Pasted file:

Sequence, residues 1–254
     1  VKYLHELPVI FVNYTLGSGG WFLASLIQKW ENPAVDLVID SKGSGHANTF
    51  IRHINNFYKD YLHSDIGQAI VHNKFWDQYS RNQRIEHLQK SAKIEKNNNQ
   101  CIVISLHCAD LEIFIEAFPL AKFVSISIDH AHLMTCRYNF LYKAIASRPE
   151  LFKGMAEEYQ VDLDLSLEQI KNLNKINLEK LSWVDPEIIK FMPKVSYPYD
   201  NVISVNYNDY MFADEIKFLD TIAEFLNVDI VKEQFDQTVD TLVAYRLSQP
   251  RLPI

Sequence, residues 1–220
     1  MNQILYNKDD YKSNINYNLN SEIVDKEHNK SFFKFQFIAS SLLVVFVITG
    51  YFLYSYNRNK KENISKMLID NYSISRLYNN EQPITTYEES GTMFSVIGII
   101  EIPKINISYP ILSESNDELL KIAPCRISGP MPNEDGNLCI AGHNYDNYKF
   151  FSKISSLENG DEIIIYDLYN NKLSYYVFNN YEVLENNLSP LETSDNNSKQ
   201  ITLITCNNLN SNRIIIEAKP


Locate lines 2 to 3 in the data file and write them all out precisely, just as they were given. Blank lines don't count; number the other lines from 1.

     1  VKYLHELPVI FVNYTLGSGG WFLASLIQKW ENPAVDLVID SKGSGHANTF
    51  IRHINNFYKD YLHSDIGQAI VHNKFWDQYS RNQRIEHLQK SAKIEKNNNQ